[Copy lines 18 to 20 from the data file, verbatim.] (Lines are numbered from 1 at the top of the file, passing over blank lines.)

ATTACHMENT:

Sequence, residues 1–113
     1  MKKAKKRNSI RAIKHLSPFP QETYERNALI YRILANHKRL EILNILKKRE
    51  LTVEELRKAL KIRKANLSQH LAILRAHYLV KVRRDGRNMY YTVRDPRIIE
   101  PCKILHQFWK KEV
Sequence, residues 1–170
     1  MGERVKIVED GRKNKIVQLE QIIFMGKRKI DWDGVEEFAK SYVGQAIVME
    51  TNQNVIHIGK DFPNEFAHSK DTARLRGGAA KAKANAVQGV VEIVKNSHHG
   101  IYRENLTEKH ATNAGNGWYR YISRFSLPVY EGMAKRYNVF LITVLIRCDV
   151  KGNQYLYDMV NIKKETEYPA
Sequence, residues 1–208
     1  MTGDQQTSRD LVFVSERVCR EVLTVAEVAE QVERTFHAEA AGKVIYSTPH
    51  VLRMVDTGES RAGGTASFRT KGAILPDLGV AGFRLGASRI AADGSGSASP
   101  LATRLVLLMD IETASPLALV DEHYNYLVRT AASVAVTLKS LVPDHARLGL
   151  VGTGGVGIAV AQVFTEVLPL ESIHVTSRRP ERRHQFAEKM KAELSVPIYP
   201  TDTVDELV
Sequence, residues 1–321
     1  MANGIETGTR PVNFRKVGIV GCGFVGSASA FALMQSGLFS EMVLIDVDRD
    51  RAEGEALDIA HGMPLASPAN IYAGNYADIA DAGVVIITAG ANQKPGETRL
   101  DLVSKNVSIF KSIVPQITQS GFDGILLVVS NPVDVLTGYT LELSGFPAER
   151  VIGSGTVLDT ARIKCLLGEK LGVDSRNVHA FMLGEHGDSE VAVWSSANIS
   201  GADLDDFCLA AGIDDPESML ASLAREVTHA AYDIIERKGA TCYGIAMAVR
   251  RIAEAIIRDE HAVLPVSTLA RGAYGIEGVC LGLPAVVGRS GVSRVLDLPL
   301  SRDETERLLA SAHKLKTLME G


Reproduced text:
    51  RAEGEALDIA HGMPLASPAN IYAGNYADIA DAGVVIITAG ANQKPGETRL
   101  DLVSKNVSIF KSIVPQITQS GFDGILLVVS NPVDVLTGYT LELSGFPAER
   151  VIGSGTVLDT ARIKCLLGEK LGVDSRNVHA FMLGEHGDSE VAVWSSANIS